The Kaseya Attack Effect
The Kaseya attack demonstrates how cyber crime is a big, organized business. How big? You can subscribe to “Ransomware as a Service” and outsource attacks on your intended targets. How organized? Hacker groups and service providers, such as the REvil Ransomware Group and DarkSide, actively manage their brands and reputations. The REvil attack on Kaseya shows us that cyber criminals are technically advanced and operationally sophisticated. The nature of the attack, and its scope, should scare you.
By using known vulnerabilities in Kaseya’s VSA Remote Monitoring and Management system, REvil was able to create an automated ransomware distribution network. They used the very systems that Managed Service Providers (MSPs) use to monitor and manage customer servers, computers, and networks.
MSPs update their Kaseya VSA servers automatically installed the Ransomware on their customers’ systems, as well as their own. Best estimates are that up to 1,500 small and medium-sized companies are victims. While this number seems small, those 1,500 business face an existential threat. Remember: more than half of businesses victimized by ransomware fail within six months.
Most MSPs shut down their Kaseya VSA services before spreading the ransomware. These firms had no ability to monitor, manage, or remotely support their customers. Customers facing IT issues were met with longer diagnostic and resolution times, resulting in business disruption, lost productivity , and the possibility of data loss.
As a managed cloud service provider, Cumulus Global does not use the Kaseya VSA system. Our clients were not at risk, via our services, from this attack.
We were on the sidelines for the Kaseya attack. We understand, however, that the way in which may cloud services are managed create connections between vendors, resellers, partners, and customers. While these connections do not generally provide any access to customer data, they do provide access to management functions and information about users. This information, in turn, could be used to improve the effectiveness of phishing attacks, spoof identities, and gain access to systems.
As a trusted IT advisor and a managed cloud service provider, we are part of a connected supply chain. We take our responsibility to secure our part of that chain seriously. While we follow commercially accepted best practices for security and privacy, the Kaseya attack warns us to step back and re-evaluate our strategy, policies, and procedures.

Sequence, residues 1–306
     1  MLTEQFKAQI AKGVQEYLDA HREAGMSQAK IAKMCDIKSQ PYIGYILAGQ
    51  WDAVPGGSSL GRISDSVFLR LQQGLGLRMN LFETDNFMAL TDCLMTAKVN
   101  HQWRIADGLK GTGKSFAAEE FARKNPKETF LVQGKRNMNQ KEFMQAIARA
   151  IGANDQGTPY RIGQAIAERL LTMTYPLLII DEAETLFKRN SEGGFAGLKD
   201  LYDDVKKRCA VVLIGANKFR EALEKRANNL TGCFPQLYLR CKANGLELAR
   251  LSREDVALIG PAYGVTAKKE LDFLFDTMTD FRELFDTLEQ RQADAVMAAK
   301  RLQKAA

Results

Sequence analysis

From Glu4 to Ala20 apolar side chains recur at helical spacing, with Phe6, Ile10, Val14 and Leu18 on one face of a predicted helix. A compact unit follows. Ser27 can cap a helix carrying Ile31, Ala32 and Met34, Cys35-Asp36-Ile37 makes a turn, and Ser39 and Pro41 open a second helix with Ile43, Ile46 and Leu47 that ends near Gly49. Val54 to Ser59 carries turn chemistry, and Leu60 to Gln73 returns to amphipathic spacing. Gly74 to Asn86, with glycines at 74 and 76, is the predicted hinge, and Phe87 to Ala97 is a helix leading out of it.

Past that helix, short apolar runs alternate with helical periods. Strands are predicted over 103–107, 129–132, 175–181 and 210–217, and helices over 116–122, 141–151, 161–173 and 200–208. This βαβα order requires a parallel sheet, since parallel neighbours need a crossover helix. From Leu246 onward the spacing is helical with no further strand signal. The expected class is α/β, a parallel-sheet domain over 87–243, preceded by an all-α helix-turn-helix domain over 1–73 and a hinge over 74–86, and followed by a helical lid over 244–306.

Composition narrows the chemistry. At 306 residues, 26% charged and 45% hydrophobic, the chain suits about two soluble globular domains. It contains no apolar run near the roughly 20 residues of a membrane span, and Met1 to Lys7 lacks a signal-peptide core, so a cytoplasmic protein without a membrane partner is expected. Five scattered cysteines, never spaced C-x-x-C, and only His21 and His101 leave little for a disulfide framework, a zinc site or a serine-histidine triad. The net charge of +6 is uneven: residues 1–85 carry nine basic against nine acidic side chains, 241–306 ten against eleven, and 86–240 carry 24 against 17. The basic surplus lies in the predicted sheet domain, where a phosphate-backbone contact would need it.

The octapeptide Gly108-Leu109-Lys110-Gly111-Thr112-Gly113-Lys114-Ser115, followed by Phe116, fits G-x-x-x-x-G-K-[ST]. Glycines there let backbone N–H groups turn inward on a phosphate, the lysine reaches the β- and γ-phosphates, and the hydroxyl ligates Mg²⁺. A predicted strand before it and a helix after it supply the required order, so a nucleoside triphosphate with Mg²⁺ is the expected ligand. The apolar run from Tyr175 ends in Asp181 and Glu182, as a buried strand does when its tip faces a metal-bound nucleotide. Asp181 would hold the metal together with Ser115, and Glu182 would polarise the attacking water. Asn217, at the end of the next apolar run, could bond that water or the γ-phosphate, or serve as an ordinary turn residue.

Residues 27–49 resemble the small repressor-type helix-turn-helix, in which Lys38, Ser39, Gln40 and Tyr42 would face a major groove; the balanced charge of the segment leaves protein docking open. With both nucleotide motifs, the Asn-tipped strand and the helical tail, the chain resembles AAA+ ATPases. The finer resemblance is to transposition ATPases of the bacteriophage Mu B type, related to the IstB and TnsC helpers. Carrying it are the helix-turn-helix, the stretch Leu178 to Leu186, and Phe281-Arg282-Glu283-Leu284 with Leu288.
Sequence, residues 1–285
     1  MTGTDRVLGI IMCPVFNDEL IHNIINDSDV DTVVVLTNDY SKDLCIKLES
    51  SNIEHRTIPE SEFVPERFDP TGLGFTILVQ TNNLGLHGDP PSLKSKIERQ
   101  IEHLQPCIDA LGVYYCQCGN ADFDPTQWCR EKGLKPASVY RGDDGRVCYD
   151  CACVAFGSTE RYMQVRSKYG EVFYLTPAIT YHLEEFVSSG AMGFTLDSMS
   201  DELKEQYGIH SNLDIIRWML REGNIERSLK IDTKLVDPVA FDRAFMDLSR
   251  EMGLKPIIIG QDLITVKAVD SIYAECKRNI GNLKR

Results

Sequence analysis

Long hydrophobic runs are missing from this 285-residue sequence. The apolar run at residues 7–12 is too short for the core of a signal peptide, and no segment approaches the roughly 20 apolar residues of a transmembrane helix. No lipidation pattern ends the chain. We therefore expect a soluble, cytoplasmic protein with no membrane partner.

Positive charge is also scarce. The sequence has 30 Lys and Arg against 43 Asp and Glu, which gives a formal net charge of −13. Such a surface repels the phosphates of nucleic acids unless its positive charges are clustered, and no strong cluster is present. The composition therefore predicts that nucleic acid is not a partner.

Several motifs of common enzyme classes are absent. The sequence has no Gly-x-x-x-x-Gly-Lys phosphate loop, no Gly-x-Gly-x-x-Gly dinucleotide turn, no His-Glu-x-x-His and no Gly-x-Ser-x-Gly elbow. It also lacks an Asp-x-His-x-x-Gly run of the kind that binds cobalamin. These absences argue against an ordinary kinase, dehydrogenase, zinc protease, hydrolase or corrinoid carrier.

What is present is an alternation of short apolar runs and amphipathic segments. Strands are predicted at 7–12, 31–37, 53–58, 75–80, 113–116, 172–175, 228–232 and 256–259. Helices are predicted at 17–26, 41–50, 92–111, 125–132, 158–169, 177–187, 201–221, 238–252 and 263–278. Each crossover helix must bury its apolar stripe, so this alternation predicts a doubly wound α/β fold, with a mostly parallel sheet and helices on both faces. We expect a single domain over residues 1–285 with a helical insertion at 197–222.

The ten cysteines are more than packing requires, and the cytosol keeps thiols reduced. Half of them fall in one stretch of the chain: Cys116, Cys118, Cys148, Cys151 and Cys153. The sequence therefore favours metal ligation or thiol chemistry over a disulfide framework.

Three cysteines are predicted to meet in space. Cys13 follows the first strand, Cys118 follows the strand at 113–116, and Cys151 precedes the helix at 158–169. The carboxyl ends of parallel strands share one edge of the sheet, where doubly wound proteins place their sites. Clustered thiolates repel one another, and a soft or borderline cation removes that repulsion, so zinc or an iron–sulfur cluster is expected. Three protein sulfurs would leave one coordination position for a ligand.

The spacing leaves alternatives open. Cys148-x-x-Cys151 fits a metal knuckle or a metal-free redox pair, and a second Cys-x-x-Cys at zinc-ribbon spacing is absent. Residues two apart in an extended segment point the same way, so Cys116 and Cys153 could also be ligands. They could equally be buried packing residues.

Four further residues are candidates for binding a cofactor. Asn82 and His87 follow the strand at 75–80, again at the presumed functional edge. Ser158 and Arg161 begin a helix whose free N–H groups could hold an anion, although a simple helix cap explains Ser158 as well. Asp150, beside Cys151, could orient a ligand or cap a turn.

Our Next Steps
Cumulus Global is conducting an internal review of all of our internal and operational systems, including vendor portals and services we use to order, provision, manage, and support cloud services. As part of this review we are examining our policies and procedures related to:
- Identity management and protection
- Access to the systems
- System level permissions related to function and data
- Roles and responsibilities with respect to security and privacy
- Business continuity plans and capabilities
Through this process, we are challenging our assumptions, re-assessing how we operate security and effectively, and raising our expectations for how well we protect ourselves and our customers.
We will also be making recommendations to our clients, and the broader community, on steps they can take to improve their security profile and protections.
Your Next Steps
As a user of cloud services, and technology in general, have responsibilities as well.
- Understand the scope and best practices for cyber threats and security
- Understand the “CPR” model for
- Communicate & Education
- Protect & Prevent
- Respond & Recover
- Commit the appropriate resources to implement a cyber security program that matches your needs, priorities, and budget.
We Can Help
To assess your cyber security status, discuss your risks and needs, and identify solutions that fit your business and your budget, contact us to schedule a complimentary session with one of our Cloud Advisors.